“Forswear it, sight!” – Romeo and Juliet by William Shakespeare
Engineer-cum-businessman and artist Yoon Hanjong takes photographs of elaborate electronic components using a visual inspection systems for electronic components (hereinafter referred to as an inspection system) to see just how finely the human eye can see. These seemingly pared-down photographs speak volumes about current technology, vision, and perception. First of all, the process of producing these pictures is quite distinct from that of the common photographs we know. Of course, photographs taken by machines have a different purpose. The photographs Yoon takes with an inspection system have a clear purpose: to detect defects on the surface of an electronic component. In the past, the human eye was used to find flaws but nowadays it is no longer used to make inspections at industrial sites. The procedures adopted to detect defects on the surfaces of electronic components are complicated beyond our imagination.
This includes important aspects of today’s intricately evolved industries. Why is it necessary to detect defects? The unit prices of lectronic components treated by Yoon’s inspection system are not very expensive: they are only a few cents. The problem is that high-priced mechanical equipment can become useless due to defects in these tiny components. All defects must be detected since the rate of defects in electronic components can affect the credibility of the company that produced it. A certain defect rate is inevitable for all electronic components. Inspections to find defects are carried out at high speed and high precision. An inspection system does not detect an actual defect; it merely inspects a chip’s outward appearance – it looks for any irregularities in its shape, size, color, and texture. The difference between the human eye and a mechanical eye is that the mechanical eye only sees what it is interested in. The
inspection system is unconcerned with whether the object being inspected is a condenser or a resistance and whether it is defective or not. It just searches for things that are different from the norm. It only examines chips that escape from their designed size or allow for errors. Thus, the inspection system’s eye is elementally different from the human eye which judges subjectively as it is distracted by diverse concerns and becomes tangled up in the brain’s knowledge and interests. Inspection procedures are largely divided into three phases: feeding, inspection, and sorting. A feeder must transmit chips to be inspected to an inspection camera both quickly and accurately (at a maximum of 8,000 pieces per minute). The chips should be set at an angle so that they present a face for the camera to inspect. The camera used for inspecting electronic parts is elementally different from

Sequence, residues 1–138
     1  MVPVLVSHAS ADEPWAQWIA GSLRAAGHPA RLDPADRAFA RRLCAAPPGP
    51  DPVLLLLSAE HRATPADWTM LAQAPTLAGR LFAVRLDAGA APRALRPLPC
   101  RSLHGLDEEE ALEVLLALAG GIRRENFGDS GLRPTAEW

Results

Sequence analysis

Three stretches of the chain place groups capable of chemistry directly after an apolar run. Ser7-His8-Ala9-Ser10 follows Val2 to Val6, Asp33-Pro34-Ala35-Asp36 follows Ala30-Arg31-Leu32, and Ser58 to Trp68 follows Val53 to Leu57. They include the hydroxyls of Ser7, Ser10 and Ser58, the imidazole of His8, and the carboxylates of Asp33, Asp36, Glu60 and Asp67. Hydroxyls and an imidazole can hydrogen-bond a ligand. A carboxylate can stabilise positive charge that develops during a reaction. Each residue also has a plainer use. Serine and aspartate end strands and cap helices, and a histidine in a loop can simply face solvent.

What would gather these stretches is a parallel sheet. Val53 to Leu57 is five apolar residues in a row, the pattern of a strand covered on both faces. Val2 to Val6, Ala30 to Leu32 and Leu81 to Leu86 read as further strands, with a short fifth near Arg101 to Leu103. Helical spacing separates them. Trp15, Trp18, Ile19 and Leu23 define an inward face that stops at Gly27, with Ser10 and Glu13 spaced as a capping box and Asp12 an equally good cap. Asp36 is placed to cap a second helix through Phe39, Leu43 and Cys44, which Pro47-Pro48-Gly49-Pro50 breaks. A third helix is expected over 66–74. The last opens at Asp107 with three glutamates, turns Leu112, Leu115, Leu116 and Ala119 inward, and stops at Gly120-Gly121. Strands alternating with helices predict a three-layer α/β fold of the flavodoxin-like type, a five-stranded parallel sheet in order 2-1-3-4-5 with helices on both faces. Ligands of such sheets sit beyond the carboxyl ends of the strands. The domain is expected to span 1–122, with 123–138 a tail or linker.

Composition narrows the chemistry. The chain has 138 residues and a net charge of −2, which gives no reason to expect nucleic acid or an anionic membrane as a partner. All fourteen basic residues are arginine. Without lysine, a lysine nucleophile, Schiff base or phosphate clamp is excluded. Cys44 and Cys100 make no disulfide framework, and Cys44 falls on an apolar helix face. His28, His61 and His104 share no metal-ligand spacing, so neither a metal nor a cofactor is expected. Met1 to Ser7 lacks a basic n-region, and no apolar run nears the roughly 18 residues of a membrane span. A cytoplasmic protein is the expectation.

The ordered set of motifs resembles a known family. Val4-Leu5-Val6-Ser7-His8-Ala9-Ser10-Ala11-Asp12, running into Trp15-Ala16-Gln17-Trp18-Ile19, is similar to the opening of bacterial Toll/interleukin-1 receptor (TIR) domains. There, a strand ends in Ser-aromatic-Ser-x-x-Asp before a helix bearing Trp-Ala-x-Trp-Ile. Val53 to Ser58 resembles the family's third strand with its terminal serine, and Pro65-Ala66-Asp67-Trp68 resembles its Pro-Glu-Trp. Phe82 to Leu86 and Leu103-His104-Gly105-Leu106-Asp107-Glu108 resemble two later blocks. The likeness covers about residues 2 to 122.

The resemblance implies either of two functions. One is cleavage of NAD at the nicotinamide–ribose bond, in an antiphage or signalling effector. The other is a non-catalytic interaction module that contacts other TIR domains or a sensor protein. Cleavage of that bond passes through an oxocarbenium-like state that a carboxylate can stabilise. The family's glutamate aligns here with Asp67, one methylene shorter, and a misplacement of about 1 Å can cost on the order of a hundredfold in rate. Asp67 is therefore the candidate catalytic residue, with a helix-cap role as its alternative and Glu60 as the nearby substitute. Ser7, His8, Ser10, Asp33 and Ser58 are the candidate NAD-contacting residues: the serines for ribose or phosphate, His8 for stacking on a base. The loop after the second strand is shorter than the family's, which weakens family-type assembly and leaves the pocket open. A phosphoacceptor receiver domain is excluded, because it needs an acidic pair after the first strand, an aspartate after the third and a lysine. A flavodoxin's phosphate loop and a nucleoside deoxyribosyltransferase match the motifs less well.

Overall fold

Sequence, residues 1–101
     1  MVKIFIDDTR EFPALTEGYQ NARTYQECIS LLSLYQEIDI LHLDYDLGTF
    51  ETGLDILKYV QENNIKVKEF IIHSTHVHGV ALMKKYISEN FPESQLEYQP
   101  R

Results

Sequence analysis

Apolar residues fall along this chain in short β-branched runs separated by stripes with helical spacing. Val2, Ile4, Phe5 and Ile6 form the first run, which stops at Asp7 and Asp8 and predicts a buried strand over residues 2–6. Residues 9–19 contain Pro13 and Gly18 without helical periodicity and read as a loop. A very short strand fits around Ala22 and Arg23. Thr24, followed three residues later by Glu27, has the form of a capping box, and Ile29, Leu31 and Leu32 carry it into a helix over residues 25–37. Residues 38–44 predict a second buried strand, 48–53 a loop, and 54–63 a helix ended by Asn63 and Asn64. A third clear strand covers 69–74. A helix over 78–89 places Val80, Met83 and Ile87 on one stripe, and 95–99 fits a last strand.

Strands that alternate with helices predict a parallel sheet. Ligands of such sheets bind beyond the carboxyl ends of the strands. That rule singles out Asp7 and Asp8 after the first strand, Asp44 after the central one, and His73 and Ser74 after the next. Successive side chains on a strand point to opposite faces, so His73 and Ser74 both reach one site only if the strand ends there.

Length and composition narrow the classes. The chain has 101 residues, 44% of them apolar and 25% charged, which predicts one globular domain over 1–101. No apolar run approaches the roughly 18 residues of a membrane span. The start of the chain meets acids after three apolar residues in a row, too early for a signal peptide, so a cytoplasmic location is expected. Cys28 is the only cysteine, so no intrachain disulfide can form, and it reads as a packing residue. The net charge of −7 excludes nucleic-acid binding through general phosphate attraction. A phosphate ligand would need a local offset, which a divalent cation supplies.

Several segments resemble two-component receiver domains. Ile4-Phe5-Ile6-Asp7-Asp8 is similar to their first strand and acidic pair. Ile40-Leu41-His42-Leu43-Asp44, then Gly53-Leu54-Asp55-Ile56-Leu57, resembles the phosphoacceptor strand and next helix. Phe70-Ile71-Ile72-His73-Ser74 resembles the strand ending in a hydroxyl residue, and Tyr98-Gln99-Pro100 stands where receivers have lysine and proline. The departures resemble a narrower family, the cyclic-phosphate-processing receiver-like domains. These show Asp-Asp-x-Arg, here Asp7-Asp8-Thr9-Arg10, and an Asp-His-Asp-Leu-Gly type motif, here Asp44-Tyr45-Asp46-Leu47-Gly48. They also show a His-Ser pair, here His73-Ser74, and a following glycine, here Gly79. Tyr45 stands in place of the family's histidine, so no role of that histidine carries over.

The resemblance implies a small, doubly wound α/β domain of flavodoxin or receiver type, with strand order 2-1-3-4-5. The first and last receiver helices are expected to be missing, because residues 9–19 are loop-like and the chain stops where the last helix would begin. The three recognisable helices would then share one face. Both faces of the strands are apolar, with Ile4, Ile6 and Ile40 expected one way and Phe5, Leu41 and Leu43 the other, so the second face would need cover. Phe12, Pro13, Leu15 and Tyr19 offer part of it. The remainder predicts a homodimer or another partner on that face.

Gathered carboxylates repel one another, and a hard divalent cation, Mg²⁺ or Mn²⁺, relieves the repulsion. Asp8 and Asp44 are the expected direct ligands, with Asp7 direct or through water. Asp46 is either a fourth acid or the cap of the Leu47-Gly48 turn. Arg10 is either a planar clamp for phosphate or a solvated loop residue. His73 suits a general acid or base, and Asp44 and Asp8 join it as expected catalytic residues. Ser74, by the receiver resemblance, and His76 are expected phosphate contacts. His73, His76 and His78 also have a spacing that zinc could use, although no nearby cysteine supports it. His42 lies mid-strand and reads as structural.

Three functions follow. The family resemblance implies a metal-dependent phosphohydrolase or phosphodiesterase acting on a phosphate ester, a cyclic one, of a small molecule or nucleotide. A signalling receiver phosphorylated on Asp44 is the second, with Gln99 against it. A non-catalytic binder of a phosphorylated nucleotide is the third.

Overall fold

a common camera. The latter feature diverse settings that can be adjusted according to a user’s preferences and emotions as it is being used, which is fundamentally different from the former depending thoroughly on the specification of inspection. A general purpose camera becomes one with its user’s eyes and moreover his or her body, allowing it to generate images as it moves together with one’s body. After that, a correctly positioned chip passes through a trigger sensor. After the location of the chip is recorded, the sensor transmits a signal to order a camera placed at a relative distance to automatically take a photograph. Numerical values such as the chip’s moving speed and the distance between the sensor and the camera are calculated. Next, the chip is transmitted to the inspection section, the core of the inspection system. When it receives a signal that a chip has arrived, the camera takes pictures by reading the encoder’s value. Yoon took pictures of electronic components measuring 1.0×0.5mm using a lens with a magnification of 1.5x by flashing a 6W(Red/Green/Blue) LED light at different angles. The intensity and angle of the lighting are important since any unevenness on the surface of a component is noticeable when the light is askew. A lens with a magnification of 1.5x may be considered insignificant but when it is used to photograph components measuring less than 1mm, it is comparable to the magnification of a microscope level. The photographed images are interpreted by an image processing algorithm and then assessed whether they are defective or normal. Yoon has produced his works using this system which he has developed and sold. They are figures of electronic components that are magnified to a point where the original objects are no longer distinguishable. The electronic components photographed at high magnifications are initially not visually